Statisticians issue warning over misuse of P values
Policy statement aims to halt missteps in the quest for certainty.
Misuse of the P value — a common test for judging the strength of scientific evidence — is contributing to the number of research findings that cannot be reproduced, the American Statistical Association (ASA) warns in a statement released today^{1}. The group has taken the unusual step of issuing principles to guide use of the P value, which it says cannot determine whether a hypothesis is true or whether results are important.
This is the first time that the 177yearold ASA has made explicit recommendations on such a foundational matter in statistics, says executive director Ron Wasserstein. The society’s members had become increasingly concerned that the P value was being misapplied in ways that cast doubt on statistics generally, he adds.
In its statement, the ASA advises researchers to avoid drawing scientific conclusions or making policy decisions based on P values alone. Researchers should describe not only the data analyses that produced statistically significant results, the society says, but all statistical tests and choices made in calculations. Otherwise, results may seem falsely robust.
Véronique Kiermer, executive editor of the Public Library of Science journals, says that the ASA’s statement lends weight and visibility to longstanding concerns over undue reliance on the P value. “It is also very important in that it shows statisticians, as a profession, engaging with the problems in the literature outside of their field,” she adds.
Weighing the evidence
P values are commonly used to test (and dismiss) a ‘null hypothesis’, which generally states that there is no difference between two groups, or that there is no correlation between a pair of characteristics. The smaller the P value, the less likely an observed set of values would occur by chance — assuming that the null hypothesis is true. A P value of 0.05 or less is generally taken to mean that a finding is statistically significant and warrants publication. But that is not necessarily true, the ASA statement notes.
A P value of 0.05 does not mean that there is a 95% chance that a given hypothesis is correct. Instead, it signifies that if the null hypothesis is true, and all other assumptions made are valid, there is a 5% chance of obtaining a result at least as extreme as the one observed. And a P value cannot indicate the importance of a finding; for instance, a drug can have a statistically significant effect on patients’ blood glucose levels without having a therapeutic effect.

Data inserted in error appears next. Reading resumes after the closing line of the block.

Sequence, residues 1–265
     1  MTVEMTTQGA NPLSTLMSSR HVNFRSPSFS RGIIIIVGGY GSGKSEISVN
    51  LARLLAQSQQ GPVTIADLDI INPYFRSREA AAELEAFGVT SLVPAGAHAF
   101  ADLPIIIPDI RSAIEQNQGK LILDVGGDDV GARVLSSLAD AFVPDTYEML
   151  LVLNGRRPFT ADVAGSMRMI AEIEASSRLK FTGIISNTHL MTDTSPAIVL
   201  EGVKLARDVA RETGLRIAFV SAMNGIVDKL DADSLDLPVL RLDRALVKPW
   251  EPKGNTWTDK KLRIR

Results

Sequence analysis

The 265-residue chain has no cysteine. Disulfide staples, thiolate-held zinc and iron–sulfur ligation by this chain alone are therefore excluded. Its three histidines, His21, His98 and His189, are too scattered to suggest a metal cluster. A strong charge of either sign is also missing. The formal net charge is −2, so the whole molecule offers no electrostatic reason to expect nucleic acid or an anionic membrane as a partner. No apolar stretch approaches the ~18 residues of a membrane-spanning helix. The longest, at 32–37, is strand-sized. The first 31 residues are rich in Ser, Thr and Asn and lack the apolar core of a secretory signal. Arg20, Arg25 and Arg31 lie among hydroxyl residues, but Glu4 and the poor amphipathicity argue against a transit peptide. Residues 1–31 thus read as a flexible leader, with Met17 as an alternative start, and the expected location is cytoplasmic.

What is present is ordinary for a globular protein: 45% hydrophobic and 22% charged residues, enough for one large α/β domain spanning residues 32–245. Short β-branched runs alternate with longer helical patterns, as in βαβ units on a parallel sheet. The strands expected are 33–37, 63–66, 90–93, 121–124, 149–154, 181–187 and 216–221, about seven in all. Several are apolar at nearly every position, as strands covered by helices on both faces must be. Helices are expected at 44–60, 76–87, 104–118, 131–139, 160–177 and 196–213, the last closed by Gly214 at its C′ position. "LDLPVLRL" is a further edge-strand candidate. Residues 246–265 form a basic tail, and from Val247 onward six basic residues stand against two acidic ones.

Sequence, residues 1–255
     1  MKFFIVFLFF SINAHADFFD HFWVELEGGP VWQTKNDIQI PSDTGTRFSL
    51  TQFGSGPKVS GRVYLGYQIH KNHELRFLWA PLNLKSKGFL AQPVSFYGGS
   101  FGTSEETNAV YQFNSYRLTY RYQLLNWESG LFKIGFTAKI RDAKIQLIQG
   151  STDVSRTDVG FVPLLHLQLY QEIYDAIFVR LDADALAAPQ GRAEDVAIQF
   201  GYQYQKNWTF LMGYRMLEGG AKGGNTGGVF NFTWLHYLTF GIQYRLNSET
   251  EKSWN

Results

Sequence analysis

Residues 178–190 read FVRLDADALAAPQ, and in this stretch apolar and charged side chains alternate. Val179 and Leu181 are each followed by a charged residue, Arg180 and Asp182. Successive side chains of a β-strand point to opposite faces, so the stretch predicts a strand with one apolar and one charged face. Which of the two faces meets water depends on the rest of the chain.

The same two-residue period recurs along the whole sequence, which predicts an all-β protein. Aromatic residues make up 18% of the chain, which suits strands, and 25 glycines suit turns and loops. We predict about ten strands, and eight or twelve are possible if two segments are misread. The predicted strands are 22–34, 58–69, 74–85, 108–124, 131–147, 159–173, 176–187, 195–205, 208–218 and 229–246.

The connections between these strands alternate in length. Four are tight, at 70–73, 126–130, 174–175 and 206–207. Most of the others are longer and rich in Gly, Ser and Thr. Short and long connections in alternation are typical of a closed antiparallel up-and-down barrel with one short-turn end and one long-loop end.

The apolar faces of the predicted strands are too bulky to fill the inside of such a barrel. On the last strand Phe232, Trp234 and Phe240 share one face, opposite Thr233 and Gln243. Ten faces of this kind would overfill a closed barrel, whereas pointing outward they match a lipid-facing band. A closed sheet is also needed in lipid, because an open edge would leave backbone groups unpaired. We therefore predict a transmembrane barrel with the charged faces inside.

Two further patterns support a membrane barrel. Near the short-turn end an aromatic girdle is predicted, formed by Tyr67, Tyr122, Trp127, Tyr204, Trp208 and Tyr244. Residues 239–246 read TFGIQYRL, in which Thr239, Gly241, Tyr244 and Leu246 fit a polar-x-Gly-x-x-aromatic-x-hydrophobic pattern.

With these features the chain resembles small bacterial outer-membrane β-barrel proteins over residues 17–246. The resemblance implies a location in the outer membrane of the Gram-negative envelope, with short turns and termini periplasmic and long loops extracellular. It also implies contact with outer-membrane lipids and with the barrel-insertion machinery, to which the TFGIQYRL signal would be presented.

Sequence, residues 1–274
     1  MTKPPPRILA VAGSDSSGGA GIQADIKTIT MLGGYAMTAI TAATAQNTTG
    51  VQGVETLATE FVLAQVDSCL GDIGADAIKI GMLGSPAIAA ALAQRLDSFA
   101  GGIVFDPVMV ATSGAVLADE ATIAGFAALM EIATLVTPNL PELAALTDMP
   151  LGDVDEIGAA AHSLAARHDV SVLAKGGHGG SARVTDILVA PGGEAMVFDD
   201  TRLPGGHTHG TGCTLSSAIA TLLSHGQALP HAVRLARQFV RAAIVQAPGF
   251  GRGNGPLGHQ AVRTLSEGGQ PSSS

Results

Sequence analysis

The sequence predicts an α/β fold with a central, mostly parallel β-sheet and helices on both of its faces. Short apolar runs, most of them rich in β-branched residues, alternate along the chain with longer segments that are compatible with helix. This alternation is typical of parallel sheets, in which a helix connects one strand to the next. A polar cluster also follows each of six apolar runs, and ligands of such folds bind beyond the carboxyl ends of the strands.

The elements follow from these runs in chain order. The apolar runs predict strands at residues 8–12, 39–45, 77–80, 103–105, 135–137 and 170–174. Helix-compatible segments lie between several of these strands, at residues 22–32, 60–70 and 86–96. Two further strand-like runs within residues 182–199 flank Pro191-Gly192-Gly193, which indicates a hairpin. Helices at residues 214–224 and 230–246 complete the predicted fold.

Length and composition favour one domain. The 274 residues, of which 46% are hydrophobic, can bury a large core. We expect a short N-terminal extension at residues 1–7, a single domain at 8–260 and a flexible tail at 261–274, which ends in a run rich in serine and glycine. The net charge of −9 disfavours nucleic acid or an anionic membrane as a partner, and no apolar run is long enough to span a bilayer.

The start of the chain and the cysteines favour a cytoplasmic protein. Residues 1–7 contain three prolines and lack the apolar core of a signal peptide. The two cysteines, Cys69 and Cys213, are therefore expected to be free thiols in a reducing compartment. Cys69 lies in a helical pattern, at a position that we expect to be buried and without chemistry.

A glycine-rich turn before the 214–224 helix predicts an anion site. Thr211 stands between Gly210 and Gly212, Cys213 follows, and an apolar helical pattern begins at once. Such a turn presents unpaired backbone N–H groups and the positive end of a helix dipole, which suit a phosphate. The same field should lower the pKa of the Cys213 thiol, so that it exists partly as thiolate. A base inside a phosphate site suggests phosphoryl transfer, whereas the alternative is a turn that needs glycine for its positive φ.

Giovanni Parmigiani, a biostatistician at the Dana Farber Cancer Institute in Boston, Massachusetts, says that misunderstandings about what information a P value provides often crop up in textbooks and practice manuals. A course correction is long overdue, he adds. “Surely if this happened twenty years ago, biomedical research could be in a better place now.”
Frustration abounds
Criticism of the P value is nothing new. In 2011, researchers trying to raise awareness about false positives gamed an analysis to reach a statistically significant finding: that listening to music by the Beatles makes undergraduates younger^{2}. More controversially, in 2015, a set of documentary filmmakers published conclusions from a purposely shoddy clinical trial — supported by a robust P value — to show that eating chocolate helps people to lose weight. (The article has since been retracted.)
But Simine Vazire, a psychologist at the University of California, Davis, and editor of the journal Social Psychological and Personality Science, thinks that the ASA statement could help to convince authors to disclose all of the statistical analyses that they run. “To the extent that people might be sceptical, it helps to have statisticians saying, ‘No, you can’t interpret P values without this information,” she says.
More drastic steps, such as the ban on publishing papers that contain P values instituted by at least one journal, could be counterproductive, says Andrew Vickers, a biostatistician at Memorial Sloan Kettering Cancer Center in New York City. He compares attempts to bar the use of P values to addressing the risk of automobile accidents by warning people not to drive — a message that many in the target audience would probably ignore. Instead, Vickers says that researchers should be instructed to “treat statistics as a science, and not a recipe”.
But a better understanding of the P value will not take away the human impulse to use statistics to create an impossible level of confidence, warns Andrew Gelman, a statistician at Columbia University in New York City.
“People want something that they can’t really get,” he says. “They want certainty.”

Nature 531, 151 (10 March 2016)

doi:10.1038/nature.2016.19503